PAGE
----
Deck Reinforcement Detailing and Concrete Mix Additives to Reduce Bridge Deck Cracking

Principal Investigator(s):

Brock Hedegaard, Associate Professor, UMD-Civil Engineering


  • Lauren Linderman, Associate Professor, Civil, Environmental and Geo-Engineering

Project summary:

Bridge decks are costly and difficult elements to maintain, and the presence of deck cracking may hasten deterioration of the structures. Despite recent changes to Minnesota Department of Transportation (MnDOT) mix designs, transverse cracking has still been observed shortly after the bridge deck is poured. The goal of this project is to determine the causes of this cracking and to propose deck reinforcement or mix design practices that efficiently mitigate the problem. Research efforts will focus on modeling bridge deck thermal and time-dependent stresses using the finite-element method, with material testing supporting the analysis. Computational parametric studies will be employed to examine the efficacy of changing longitudinal bar spacing, controlling girder and deck temperatures during a pour, reducing shrinkage strains, and other such measures. Material testing will be conducted to determine the relevant material inputs for the model and to demonstrate how changes to mix design may achieve reduced deck cracking.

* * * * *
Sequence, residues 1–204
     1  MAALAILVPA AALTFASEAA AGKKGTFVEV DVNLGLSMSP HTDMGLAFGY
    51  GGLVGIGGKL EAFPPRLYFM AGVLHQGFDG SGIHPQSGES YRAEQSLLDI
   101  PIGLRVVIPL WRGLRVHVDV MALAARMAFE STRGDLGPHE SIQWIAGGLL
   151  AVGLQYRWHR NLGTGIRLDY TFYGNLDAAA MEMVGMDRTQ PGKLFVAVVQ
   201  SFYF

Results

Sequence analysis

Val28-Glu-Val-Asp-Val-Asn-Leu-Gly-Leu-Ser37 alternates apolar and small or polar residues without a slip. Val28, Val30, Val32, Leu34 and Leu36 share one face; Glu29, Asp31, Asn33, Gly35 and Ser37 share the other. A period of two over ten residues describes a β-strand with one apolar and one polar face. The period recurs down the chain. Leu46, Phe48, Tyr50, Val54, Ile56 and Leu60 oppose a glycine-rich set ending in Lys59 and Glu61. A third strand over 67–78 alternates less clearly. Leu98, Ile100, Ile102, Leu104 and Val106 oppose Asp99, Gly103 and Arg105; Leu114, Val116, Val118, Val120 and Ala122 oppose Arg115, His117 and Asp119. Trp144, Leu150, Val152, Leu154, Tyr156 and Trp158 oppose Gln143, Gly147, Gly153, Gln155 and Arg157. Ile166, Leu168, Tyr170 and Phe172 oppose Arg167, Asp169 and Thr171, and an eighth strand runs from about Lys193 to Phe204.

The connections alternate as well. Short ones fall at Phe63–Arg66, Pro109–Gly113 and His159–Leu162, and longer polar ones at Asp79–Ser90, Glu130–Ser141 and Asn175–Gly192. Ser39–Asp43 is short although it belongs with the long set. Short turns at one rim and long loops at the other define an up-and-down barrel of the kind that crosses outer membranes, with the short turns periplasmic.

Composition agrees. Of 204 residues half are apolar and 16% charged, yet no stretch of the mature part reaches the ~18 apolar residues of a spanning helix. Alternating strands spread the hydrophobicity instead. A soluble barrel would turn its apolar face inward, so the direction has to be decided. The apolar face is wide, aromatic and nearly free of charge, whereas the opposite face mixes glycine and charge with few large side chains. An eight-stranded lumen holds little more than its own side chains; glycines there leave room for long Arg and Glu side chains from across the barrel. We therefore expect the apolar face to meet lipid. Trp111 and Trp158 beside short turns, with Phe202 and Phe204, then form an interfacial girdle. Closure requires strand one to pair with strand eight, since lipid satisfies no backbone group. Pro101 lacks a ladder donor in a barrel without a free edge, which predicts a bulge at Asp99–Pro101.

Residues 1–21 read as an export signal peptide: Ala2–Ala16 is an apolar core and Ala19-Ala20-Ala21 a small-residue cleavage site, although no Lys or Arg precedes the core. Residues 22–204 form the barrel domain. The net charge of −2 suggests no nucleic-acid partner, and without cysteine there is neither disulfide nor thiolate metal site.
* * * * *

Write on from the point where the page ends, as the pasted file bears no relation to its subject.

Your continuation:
The main objectives of this research program are to:

    1. Determine the causes and magnitudes of tensile stresses within bridge decks for concrete slab-on-girder systems.

    2. Quantify the crack control benefits of altering deck reinforcement details or mix designs.

    3. Propose design criteria, deck details, deck pour procedures, or mix design changes that may efficiently alleviate bridge deck cracking.

Project details: